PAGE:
Servant Leadership and the Immigration Debate
First off, we want to share that our views are possibly a bit biased. Here at the Center for Sharing, we’ve been beneficiaries of the hard labor of immigrants, and are intentionally located in an immigrant community. Without the generosity of Broetje Orchards and the wonderful people who work there—many of whom are immigrants, the Center for Sharing probably wouldn’t exist and certainly wouldn’t be able to do much of the work we do today. Having said that, we also recognize that we live in a city that is nearly 30 percent immigrant and often find our community is divided and misinformed on the issues of immigration.
Here in our local Tri-Cities community, the divided state of our nation on this issue became very apparent when candidate Loren Nichols ran for city council and proposed that undocumented immigrants should be shot at the border or be put to death—a statement that defies the rule of law this country was built on. To our surprise he still received twenty seven percent of the votes in that election and took 2nd place. As an organization dedicated to developing servant leaders, we’d like to take a hard look at what servant leadership has to teach us about how we should respond to the dilemma facing our country.
Robert Greenleaf’s test of servant leadership, which is difficult to administer in many situations, states the following:
“Do those served grow as persons? Do they, while being served, become healthier, wiser, freer, more autonomous, more likely themselves to become servants? And, what is the effect on the least privileged in society? Will they benefit or at least not be further deprived?”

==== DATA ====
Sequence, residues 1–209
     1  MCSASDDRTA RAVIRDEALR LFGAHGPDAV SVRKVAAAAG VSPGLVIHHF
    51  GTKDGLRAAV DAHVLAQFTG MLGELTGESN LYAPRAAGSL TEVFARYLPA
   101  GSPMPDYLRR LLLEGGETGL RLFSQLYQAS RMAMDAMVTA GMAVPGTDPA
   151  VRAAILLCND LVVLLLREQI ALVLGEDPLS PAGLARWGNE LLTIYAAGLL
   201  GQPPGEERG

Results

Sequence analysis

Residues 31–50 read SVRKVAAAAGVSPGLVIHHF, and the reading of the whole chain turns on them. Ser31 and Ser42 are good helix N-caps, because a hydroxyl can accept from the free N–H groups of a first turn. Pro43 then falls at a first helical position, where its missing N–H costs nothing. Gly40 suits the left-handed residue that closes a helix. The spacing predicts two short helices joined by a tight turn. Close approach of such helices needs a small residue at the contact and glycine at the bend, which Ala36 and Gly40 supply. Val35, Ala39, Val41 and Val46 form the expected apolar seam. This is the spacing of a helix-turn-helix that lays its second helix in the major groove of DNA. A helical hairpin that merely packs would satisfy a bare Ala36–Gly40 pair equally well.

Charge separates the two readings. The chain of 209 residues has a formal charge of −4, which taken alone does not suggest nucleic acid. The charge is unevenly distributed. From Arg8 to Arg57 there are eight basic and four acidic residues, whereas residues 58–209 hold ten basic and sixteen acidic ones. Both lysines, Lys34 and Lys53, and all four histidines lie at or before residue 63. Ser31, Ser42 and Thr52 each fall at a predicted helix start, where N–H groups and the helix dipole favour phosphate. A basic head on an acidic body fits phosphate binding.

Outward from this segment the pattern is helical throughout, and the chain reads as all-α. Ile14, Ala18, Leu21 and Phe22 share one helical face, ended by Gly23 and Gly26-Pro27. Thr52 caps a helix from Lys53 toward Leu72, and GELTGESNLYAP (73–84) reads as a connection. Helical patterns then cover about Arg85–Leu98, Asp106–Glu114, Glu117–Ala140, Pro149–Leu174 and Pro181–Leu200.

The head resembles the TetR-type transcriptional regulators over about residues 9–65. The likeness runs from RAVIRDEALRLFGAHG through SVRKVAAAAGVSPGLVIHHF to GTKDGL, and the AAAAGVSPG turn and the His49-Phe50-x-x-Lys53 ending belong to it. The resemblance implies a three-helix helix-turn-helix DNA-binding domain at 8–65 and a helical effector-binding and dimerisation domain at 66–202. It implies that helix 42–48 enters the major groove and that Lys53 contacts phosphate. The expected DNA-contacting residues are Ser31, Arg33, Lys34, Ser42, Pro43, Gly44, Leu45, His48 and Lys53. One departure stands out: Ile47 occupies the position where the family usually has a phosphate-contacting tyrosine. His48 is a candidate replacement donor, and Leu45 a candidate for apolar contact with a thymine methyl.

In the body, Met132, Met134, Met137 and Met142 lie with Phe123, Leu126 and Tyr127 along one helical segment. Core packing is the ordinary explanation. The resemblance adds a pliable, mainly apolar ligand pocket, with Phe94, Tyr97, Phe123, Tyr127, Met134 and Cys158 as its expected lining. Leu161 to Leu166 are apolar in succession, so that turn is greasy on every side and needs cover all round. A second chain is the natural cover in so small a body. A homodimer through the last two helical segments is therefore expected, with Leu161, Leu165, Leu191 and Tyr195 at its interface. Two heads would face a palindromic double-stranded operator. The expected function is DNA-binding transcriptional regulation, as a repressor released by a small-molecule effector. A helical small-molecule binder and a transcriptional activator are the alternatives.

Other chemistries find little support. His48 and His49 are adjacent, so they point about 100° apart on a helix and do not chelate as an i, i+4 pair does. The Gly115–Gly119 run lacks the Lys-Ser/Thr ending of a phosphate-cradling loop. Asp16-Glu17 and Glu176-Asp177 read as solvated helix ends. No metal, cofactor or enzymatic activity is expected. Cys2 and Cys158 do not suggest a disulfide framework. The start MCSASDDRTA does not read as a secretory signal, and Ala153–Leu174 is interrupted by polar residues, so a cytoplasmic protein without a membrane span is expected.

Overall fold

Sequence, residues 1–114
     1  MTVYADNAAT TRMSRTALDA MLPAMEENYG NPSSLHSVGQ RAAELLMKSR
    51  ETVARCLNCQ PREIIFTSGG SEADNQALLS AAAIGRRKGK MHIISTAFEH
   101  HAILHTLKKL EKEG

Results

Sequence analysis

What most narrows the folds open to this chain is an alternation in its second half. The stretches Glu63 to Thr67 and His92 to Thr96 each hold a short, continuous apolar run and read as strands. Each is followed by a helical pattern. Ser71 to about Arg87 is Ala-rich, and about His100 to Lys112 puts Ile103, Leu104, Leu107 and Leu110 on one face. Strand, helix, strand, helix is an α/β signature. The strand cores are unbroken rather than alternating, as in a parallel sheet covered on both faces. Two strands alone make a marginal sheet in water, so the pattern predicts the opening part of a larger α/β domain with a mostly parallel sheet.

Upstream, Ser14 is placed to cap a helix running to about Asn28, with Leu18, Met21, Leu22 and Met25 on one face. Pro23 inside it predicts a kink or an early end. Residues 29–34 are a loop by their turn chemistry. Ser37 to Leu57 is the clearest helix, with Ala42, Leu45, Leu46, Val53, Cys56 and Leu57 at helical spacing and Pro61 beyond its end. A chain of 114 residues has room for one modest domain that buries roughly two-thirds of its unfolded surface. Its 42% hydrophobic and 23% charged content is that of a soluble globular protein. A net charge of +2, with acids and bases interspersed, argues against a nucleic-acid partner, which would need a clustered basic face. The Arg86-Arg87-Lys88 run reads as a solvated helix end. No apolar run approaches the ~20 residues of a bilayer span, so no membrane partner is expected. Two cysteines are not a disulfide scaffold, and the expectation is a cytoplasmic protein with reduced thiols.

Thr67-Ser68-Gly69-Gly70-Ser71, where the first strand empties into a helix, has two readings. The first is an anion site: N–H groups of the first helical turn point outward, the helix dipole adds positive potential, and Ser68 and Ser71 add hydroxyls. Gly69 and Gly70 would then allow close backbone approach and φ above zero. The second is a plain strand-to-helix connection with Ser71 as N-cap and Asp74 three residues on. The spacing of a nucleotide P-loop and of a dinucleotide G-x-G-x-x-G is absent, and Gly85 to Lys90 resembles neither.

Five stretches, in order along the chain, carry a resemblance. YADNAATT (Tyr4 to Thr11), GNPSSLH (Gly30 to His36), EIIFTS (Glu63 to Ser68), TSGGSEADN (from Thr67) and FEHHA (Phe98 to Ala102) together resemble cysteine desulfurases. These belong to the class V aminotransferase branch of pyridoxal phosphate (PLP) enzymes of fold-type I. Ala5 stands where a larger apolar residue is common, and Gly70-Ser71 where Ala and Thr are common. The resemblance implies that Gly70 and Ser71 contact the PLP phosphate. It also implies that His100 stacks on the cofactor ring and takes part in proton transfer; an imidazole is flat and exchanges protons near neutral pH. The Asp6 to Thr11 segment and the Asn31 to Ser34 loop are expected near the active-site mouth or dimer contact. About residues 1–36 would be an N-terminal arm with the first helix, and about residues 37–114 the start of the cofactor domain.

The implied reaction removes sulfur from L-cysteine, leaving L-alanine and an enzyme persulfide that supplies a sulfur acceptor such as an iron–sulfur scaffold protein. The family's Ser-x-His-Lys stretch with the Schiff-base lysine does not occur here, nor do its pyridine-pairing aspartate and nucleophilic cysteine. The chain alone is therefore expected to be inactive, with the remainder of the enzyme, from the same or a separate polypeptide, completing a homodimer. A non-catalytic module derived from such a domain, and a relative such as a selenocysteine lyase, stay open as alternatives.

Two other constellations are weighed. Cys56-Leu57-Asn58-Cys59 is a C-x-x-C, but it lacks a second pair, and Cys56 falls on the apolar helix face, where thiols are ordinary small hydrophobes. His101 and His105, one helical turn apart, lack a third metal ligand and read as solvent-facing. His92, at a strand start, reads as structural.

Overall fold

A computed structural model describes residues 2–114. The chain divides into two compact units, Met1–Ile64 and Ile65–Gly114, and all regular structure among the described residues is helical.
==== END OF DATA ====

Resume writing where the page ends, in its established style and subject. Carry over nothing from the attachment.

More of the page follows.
We believe simply applying this test to the immigration debate helps bring a great deal of clarity to what our leaders should do. However, many of these immigrants have been dehumanized and alienated to the point that many don’t believe this test should apply to them. That somehow they don’t deserve the opportunity to be served, to grow, to become healthier, wiser, freer or more autonomous. They are referred to as “illegals,” as if they mere existence is against the law.
What would be the best way to ensure the immigrants who live here grow as people? Should we deport them all? Should we shoot them at the border, as Mr. Nichols suggests? Or should we care about them– where they are from and why they are here? Should we alienate them and deprive them of their rights? Or should we see how we can be a part of their growth as families and individuals? The answers to these questions will determine the future of our country.
We need your help. We believe this country is great because of our ability to discuss issues like immigration with civility and to find a way to make a world that works for everyone. We’d like to start a conversation about servant leadership and immigration, using the book “Welcoming the Stranger” as a guide to our discussion. If you’d like to be a part of that, we’d love to hear from you. Please contact Luke by phone at 509.546.5999 or via email at firstname.lastname@example.org. We’d like to create a group of thoughtful servant leaders who can help this community, state and nation make wise choices with regards to the way we treat immigrants to our country.